I don't remember enough from my electromagnetism course and I can't find any simple, full example on this subject.
I know, that I can consider the cylinder as a wire with the same charge density (when outside of the cylinder), so I consider the wire case with the same charge density, $\lambda$.
I set the $y$ direction to pass through the wire, and the $x$ direction to pass through the point charge and perpendicular to the wire. Everything is in the $z=0$ plane. Hence, the particle is at $x=r$ position.
$V = -\int_b^r E dl = - k \int_b^r \lambda/x dx$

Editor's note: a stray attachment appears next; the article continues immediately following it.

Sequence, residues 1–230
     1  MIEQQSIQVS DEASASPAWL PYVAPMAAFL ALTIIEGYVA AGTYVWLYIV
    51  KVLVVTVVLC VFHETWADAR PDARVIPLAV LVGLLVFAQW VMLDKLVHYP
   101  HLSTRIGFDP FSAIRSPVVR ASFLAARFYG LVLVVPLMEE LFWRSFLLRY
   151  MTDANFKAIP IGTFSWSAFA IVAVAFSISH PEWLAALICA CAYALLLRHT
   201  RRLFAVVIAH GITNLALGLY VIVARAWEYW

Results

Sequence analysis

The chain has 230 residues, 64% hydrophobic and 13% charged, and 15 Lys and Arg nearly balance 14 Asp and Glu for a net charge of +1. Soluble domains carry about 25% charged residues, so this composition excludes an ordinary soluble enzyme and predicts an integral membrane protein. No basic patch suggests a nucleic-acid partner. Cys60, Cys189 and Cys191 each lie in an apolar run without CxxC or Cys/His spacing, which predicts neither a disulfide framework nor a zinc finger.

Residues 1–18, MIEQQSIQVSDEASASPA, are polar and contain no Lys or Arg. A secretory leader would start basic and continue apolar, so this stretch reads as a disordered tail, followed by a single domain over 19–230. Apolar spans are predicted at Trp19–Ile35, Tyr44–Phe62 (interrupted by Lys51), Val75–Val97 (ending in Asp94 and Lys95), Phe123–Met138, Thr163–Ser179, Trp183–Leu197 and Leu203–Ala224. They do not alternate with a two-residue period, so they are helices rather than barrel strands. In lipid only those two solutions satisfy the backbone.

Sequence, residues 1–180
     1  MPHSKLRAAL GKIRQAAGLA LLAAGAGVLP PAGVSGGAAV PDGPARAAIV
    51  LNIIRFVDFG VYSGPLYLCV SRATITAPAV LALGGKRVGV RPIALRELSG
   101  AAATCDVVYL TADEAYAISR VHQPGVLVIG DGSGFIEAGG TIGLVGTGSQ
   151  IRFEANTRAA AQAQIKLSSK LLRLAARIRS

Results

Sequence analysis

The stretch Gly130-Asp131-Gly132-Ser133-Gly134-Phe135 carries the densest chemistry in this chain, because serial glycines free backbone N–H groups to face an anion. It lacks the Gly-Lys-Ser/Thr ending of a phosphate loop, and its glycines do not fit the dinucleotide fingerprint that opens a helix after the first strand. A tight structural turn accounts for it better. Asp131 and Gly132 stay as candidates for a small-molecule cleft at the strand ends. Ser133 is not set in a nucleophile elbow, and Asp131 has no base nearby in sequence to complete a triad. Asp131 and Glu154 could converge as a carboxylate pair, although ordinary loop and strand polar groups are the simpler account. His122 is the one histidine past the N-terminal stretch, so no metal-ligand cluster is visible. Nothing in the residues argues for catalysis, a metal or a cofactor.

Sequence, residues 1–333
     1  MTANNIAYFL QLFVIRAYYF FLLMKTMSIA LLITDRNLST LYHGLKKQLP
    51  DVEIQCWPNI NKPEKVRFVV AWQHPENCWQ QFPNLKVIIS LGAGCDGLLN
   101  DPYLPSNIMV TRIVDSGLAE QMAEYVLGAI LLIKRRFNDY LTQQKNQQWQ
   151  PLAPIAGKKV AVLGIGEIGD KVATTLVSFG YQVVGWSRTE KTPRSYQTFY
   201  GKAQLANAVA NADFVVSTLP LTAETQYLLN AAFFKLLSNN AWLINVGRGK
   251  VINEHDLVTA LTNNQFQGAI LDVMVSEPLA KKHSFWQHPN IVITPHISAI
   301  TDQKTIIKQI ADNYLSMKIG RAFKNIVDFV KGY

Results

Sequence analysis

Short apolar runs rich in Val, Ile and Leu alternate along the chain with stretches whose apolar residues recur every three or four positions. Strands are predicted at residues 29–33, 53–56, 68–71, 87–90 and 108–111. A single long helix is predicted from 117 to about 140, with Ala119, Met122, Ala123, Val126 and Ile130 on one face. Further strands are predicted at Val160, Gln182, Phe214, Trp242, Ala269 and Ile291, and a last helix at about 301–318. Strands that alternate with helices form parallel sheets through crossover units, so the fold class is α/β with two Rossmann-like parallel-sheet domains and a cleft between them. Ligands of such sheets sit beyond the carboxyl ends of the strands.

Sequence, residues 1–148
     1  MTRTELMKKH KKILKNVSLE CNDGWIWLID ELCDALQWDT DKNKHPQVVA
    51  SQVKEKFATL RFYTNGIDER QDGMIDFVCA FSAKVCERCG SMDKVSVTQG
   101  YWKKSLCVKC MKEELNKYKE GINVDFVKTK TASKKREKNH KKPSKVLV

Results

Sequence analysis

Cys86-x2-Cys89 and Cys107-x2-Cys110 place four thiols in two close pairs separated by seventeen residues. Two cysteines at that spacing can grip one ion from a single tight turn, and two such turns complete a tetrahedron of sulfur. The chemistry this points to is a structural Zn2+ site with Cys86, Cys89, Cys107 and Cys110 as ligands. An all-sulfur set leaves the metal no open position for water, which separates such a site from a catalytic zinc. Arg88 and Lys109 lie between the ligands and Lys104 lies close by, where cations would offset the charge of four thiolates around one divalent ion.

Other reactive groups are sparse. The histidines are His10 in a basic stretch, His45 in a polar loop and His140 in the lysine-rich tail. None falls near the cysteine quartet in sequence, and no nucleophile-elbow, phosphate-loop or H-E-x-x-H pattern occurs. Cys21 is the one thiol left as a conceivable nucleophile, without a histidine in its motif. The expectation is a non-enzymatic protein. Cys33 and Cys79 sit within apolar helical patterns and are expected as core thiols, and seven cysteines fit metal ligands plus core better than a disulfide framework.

Where $k$ holds the constants and $b$ being a point where the potential is 0.
The solution of this integral is
$V = - k \lambda \log (1/r) + C$
When $b=1$ the potential is 0 so the potential is
$V = k \lambda \log (1/r)$
and the energy is
$U = k q \lambda \log (1/r)$
Here are my questions:
Is any of this true?
I tried to derive this by starting with coulomb law and calculating the energy for a segment of the wire, I get an answer which scales like $1/r$, can you derive the answer for this?